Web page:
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    Do you always touch the tip of your tongue behind your top teeth when pronouncing the letter L?

    I have just realised for words like ball, bill, wild my tongue sort of just floats or touches the bottom of my mouth for the L sound.

    Also with words like sleep, slow, when i consciously put my tongue behind my top teeth it makes a sort of clinking sound and doesnt feel right. Same with any words that end with an s and the next word starts with an L.

    Just a thought.

    Thanks
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    yes
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    (Original post by jamesmurphy1995)
    Do you always touch the tip of your tongue behind your top teeth when pronouncing the letter L?

    I have just realised for words like ball, bill, wild my tongue sort of just floats or touches the bottom of my mouth for the L sound.

    Also with words like sleep, slow, when i consciously put my tongue behind my top teeth it makes a sort of clinking sound and doesnt feel right. Same with any words that end with an s and the next word starts with an L.

    Just a thought.

    Thanks
    Ohmygodd I never noticed that! literaly been sat here for 5 mins just prounouncing all the 'L' words I can think of. An unusual yet interesting thought!:p:H
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    Yeah.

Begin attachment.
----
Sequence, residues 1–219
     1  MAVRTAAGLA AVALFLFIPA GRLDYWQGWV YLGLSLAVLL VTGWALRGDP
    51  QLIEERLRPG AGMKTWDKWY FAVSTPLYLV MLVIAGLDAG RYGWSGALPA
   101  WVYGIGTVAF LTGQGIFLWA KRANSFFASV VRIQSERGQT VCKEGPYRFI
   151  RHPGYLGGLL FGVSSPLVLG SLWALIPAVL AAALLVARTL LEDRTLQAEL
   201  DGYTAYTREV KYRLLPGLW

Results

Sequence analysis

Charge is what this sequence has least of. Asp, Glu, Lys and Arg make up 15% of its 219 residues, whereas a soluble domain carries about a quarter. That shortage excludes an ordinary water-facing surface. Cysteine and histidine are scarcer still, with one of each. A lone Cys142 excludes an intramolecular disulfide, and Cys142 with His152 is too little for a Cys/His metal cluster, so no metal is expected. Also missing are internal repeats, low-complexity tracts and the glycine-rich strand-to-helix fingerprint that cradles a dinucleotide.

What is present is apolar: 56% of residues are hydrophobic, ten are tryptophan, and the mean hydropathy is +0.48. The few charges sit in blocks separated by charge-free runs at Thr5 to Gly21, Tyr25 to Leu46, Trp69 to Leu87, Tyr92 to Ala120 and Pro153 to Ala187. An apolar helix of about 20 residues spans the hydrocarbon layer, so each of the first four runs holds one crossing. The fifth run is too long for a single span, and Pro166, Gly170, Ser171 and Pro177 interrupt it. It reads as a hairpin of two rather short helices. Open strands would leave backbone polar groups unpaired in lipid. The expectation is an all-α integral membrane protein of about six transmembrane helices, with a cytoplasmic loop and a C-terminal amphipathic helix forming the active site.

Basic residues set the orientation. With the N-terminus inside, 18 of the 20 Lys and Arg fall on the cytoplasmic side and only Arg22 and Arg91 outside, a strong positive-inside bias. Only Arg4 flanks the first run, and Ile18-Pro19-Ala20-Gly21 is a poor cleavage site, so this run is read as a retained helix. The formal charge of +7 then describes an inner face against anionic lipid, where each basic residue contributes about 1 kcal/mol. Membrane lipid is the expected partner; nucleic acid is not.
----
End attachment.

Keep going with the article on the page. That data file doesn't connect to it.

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    The letter L interestingly is very much based on accents.

    The standard 'l' sound as in 'sleep' and 'slow' (which is written /l/ in IPA) is known linguistically as the alveolar lateral approximant.

    The L as in 'ball', 'wild' and similar words which just 'float to the bottom of the mouth' are understandably usually after vowels, and, I believe, most prominent in southern English accents than the north - it's written /ɫ/.

    I don't know if you wanted to know any of that. But hey, it's a fun thing to tell your friends.
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    Yup. It's how you make that sound. T is the same point in your mouth, further down your tongue. Th is tongue almost poking between your teeth. S is similar to T. etc etc etc
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    So the proper way to say sleep for example is to say the s sound then raise your tongue up to touch behind the top teeth?

    Same with words like clear as well?
 
 
 
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